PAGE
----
The architects saga: competitions


For anyone who is an architect, competitions are a part of your daily life, they represent the traditional way to make a living while maintaining you artistic integrity – given a specific problem, you develop you own solution without external pressures or constraints, reviewed anomaly by your peers – the winners, there so, are chosen by their ability alone and consequently represent “le creme de la creme” of the profession. Obviously this is also the way to reach the recognition of your peers and, stardom, since anyone can reach it as long as it has ability. Any other path is diminished because it considers that other factors may come into consideration which are not due purely to artistic and technical abilities.

Naturally, winning competitions leads to private commissions: “I want you to design me my company headquarters as you design project X” – this is the stardom – work comes to find you and not the other way around. You are the “artist” and the people who appreciate your position towards your art and the world comes to you…If, on the contrary, you go and sell your art to the world then the risk of selling yourself is too big, that path is under appreciated…unfortunately not everyone can make a living just by winning competitions…

I am part of what I normally call the “2nd class group” – the group that doesn’t win architecture competitions and has to find clients: I am a sold out!

My rebel young mind used to think this was the right way…go against the prevailing system – “the architecture world is controlled by the small group of Masters and their favorites, an elite which only very few can aspire, and never without a substantial amount of adulation practices. Instead of spending time discussing the sex of the angels, architecture should find its way in the 21st century and learn how to deal with this economy and society. After all, architecture is made for people, and it should learn how to reach the common people, how to publicize itself, and let the masses choose freely.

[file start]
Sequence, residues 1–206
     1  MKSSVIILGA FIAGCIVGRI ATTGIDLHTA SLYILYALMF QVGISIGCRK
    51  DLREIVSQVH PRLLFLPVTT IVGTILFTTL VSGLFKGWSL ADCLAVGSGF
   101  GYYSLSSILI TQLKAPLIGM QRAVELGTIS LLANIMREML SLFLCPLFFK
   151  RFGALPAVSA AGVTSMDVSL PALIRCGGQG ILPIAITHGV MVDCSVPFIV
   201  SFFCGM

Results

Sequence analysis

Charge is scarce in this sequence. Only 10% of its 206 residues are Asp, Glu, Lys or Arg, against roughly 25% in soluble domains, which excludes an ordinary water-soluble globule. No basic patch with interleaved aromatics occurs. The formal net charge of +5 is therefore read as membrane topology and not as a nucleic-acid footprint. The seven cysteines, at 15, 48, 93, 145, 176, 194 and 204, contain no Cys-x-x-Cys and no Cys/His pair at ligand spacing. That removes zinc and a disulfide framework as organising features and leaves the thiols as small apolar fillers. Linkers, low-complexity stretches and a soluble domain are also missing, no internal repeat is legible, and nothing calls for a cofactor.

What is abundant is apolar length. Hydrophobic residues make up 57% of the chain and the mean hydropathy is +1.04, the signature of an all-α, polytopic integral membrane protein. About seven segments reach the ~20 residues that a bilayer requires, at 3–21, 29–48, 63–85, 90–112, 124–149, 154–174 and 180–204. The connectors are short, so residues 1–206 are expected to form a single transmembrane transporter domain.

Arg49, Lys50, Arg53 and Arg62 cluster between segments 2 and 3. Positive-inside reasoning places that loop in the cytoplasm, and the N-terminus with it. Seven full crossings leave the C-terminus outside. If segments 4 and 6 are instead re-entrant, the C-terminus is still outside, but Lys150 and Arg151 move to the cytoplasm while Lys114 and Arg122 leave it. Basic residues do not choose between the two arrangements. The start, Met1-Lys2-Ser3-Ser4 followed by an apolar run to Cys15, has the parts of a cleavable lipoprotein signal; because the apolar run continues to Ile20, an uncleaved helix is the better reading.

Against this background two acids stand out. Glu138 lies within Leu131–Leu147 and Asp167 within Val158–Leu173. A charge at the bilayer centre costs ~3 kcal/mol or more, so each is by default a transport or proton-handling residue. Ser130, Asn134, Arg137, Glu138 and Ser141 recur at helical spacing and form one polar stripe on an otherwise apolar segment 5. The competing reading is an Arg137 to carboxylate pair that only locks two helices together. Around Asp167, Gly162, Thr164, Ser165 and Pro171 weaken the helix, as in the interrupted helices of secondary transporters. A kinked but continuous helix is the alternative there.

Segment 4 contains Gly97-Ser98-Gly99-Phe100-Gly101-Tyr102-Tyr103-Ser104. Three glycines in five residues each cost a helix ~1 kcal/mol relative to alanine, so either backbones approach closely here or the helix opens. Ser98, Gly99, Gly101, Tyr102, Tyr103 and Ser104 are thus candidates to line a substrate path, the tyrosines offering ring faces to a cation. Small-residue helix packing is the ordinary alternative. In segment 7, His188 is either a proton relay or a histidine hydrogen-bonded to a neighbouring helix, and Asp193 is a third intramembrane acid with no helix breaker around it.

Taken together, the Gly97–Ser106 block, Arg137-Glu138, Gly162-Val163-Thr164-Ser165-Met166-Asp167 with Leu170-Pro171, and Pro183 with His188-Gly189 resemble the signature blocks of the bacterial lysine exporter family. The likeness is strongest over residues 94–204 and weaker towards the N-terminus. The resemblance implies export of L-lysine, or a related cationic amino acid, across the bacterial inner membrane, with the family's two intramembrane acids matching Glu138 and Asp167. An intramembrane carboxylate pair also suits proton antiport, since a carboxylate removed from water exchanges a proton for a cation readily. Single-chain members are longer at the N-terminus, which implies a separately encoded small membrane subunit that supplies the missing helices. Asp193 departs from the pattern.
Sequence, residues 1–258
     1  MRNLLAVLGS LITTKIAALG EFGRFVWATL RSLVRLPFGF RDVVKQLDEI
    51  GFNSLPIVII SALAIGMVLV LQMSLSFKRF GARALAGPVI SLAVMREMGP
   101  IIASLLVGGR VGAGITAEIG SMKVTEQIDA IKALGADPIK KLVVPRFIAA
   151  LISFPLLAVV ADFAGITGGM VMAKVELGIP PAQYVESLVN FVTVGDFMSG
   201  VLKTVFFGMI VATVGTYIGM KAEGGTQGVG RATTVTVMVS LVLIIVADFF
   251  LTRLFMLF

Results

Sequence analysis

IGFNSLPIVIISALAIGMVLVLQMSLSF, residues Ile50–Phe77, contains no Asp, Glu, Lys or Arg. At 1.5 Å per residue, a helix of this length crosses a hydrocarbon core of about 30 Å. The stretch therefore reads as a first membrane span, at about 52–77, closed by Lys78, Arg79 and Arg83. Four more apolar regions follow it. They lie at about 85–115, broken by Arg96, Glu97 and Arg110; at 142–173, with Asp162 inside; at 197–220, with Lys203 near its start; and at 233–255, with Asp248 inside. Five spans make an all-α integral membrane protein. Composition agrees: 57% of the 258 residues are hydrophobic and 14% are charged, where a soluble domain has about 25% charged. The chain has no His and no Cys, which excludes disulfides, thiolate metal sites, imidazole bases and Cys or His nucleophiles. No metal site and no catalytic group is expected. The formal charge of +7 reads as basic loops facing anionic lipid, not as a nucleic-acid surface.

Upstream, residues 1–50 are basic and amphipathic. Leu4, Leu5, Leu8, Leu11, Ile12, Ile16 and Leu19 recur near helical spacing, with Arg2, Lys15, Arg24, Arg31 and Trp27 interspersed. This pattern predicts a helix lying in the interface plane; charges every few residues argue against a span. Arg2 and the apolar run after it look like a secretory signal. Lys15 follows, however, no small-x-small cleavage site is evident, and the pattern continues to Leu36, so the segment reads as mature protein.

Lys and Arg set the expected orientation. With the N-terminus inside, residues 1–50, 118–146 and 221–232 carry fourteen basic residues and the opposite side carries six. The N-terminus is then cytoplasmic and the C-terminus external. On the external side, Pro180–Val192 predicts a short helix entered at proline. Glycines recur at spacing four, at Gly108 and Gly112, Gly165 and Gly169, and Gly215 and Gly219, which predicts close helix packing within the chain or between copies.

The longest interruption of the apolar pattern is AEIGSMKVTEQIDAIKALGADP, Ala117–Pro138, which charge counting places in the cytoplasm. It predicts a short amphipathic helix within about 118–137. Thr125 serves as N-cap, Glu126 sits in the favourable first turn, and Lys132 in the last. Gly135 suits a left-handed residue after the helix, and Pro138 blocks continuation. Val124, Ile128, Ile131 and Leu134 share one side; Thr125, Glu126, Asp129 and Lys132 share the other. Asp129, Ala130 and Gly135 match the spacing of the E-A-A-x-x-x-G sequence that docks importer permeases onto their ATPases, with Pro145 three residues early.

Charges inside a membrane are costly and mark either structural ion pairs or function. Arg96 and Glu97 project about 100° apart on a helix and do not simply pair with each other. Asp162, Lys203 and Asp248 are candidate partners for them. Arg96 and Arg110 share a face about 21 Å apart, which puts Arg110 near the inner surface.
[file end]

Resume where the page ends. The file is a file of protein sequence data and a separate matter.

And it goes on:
Eventually I grew up…and realize that, there is a reason for this dedication to competitions: you just have to be an architect…nothing else!!!

If not, lets see:

01_RECOGNITION: immediately as the detainer of talent and ability to fulfill your desires so you have to respect him – that fact alone solves you a lot of problems;

02_RESOURCES: normally there is a generous budget available that, at least, is reasonable enough to achieve the project goals (except when the competition is not meant to go forward, to construction phase, and in that case, you were already paid for your work). That means you are assured to have a competent team of professionals supporting your work all the way till the end of construction.

Of course things are not so simple, and in the architecture world, problems are the common norm, specially when projects take sometimes decades to become reality. But I found out how reassuring it can be to your stress levels, having continuous financial and confidence patronage from a governmental or private institution (they normally are the clients).

03_INSPIRATION: I don’t care what anyone says, competitions offer the best architecture challenges – the most significant and interesting buildings and programs are launched by competitions (the search for the most talented remember…) and that is always inspiring – if you want to be motived you will most likely be working on a competition. Its heaven on earth of the architectural world.

The problem is: how to win a competition? There is a reason why only certain offices are able to devote the majority of their dedication to them. It only works if you win, once and a while. And the winning depends on your brains as well as you dedication to the task.

I have been trying to win a competition for over 10 years now, and despite some good results never saw a victory coming my way. Yes I admit it, I want to win, and am starting to fell pissed about this! I want a recognized workplace full of inspired resources!

But even if I don’t win I keep on doing it. Competitions allows you to be yourself, even if just for a little while. You are in control, you are allowed to express your vision of the world, you put all your knowledge and expertise in fiddling the best solution for a problem without being disturb by a troop of foreigners that think they know better then you.

Either way, here I am, once again, after 3 hour sleep, which as been repeated over the last week, trying to finish the last presentation board to take this “thing” to the post office. I always have this reaction after being sleep deprived for some days: I start hating the project and want to cry.

I guess this is what people call a love/hate relationship…